CAPTAIN: Alun-Wyn Jones

HEAD COACH: Wayne Pivac


Experienced flanker Dan Lydiate has been recalled to the team for the first time in just over two years, with the Ospreys flanker providing an interesting option in the back row. Another flanker, Josh Navidi, a mainstay of the Wales team in recent years, has also been recalled, having struggled with injury over most of last year. Bristol Bears fly-half Callum Sheedy is one of the most dangerous players in the Premiership, and showed his quality in the Autumn Nations Cup last year, linking play well and getting attacks going. Flying Gloucester winger Louis Rees-Zammit always provides a try-scoring threat, and loves to run with the ball.


Flanker Justin Tipuric has been one of Wales’ most dependable players in recent years, and, at the age of 31, the Ospreys flanker is one of the most experienced members of the squad. We have seen how he loves to have the ball, and breaks strong defences down well, finding gaps in between players. He is a really attacking forward, and is difficult to stop when he gets going. When he is in form, Wales tend to play better and look more confident in themselves.


It’s a theme with the experience, but Wales thrive off players who have been in the team a long time and know what is expected of them. Scarlets centre Jonathan Davies has easily been one of the more influential players in the team, always creating chances and making key runs when they are required. He is the one the players look to when they need some inspiration, and the fact that he was the Player of the Series in the 2017 British and Irish Lions tour of New Zealand demonstrates how much his teammates think of him on the pitch. We can expect that he will play a big part in Wales’ tournament.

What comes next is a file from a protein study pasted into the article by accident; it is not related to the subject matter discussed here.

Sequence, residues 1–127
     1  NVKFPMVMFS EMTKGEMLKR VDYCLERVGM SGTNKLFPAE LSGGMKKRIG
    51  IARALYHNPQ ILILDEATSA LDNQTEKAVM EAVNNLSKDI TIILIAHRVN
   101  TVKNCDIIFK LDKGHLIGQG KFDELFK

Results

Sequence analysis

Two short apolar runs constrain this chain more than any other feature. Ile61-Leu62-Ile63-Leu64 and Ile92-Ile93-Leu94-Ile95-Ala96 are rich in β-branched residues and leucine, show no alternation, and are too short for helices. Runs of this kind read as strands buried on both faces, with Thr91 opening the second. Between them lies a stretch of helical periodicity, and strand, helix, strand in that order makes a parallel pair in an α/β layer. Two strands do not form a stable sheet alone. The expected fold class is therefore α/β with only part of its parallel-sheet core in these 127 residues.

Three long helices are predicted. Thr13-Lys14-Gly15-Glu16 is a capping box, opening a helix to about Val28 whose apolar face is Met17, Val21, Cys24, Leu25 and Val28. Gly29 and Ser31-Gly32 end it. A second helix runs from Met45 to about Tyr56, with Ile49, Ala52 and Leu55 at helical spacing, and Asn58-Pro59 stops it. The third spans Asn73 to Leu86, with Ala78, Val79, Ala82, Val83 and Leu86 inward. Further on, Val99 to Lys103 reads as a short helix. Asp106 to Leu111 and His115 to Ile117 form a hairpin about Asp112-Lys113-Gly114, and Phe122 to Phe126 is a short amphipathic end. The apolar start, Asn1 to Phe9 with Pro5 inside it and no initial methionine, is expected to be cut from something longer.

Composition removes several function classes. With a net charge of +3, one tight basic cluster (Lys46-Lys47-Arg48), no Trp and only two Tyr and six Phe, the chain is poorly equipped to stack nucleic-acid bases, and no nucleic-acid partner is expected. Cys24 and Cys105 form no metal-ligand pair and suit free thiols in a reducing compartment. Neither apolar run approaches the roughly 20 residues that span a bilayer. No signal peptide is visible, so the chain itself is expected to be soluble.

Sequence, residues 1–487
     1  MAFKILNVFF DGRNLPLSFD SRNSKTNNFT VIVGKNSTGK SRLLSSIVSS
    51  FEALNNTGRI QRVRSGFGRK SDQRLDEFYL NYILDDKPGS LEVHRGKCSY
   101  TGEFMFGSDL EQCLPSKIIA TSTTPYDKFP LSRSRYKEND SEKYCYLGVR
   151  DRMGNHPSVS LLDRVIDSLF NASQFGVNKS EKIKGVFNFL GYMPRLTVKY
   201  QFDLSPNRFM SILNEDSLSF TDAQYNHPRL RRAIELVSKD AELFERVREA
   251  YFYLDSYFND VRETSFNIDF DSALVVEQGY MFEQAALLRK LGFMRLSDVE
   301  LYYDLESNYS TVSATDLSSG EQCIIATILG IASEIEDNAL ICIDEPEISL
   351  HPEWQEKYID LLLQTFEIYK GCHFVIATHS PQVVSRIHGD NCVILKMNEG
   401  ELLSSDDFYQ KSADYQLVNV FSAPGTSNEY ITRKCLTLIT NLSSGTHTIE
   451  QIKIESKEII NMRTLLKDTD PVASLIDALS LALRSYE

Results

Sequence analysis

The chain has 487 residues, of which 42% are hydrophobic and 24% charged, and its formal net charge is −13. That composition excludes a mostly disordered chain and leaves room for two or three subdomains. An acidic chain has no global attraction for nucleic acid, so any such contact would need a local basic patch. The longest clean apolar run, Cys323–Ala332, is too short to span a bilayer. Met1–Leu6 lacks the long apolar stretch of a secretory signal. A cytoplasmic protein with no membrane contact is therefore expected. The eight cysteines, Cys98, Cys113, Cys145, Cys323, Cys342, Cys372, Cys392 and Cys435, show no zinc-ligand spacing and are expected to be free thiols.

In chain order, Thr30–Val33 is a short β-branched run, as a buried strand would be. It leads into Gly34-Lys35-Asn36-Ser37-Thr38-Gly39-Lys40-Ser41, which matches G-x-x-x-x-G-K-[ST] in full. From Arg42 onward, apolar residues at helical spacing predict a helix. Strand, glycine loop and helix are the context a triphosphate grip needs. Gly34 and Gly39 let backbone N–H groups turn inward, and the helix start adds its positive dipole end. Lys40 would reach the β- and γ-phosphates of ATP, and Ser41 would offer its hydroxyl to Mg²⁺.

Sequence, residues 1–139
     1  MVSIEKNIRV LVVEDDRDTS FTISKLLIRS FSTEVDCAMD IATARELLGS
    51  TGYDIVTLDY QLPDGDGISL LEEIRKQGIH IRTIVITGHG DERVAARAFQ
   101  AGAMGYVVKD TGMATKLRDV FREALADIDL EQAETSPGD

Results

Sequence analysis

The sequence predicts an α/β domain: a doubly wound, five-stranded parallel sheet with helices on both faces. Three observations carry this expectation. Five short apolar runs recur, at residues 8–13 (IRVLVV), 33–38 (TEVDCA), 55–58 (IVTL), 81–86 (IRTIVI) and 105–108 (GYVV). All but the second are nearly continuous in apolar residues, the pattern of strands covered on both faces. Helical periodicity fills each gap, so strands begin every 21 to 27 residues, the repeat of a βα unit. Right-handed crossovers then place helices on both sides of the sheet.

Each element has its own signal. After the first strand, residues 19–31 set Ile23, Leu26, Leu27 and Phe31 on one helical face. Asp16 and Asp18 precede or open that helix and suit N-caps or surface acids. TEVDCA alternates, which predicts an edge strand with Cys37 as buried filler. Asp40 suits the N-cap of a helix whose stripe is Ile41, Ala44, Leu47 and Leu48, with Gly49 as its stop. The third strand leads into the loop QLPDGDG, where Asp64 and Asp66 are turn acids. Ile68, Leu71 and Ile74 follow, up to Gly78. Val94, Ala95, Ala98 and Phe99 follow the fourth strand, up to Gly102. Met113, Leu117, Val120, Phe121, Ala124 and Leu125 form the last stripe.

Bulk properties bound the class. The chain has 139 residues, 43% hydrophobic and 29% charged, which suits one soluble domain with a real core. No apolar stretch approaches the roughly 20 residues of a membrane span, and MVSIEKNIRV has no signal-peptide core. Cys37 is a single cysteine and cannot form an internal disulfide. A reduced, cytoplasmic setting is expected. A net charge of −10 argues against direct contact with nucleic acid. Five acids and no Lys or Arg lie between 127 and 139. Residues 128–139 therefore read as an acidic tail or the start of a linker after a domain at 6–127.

Let’s be honest, Wales had a year to forget in 2020, both in the Six Nations and the Autumn Nations Cup. Under new management, they looked lacklustre at times, and the defensive strength and rigidity that we have long-associated with them was gone. Their attack also looked short of ideas at times, and they became easy for other teams to beat. It was almost painful watching them last season at times, and we don’t need to say much more in this analysis about a year they won’t want to repeat.


Given last year’s performances, Wales will arguably be the team needing to improve the most. However, will this pressure help or hinder them in that aim? That is the question that we are all asking, and is one that Wales must answer in their first game, in all honesty. They need to simply be more confident in themselves, and possibly even go back to some of the tactics they used under former boss Warren Gatland. Obviously new coaches mean new ideas and styles of play, but it didn’t work under Wayne Pivac last season, as was hoped, so this year will be the one where we learn a lot about where Wales are going under the New Zealander’s leadership.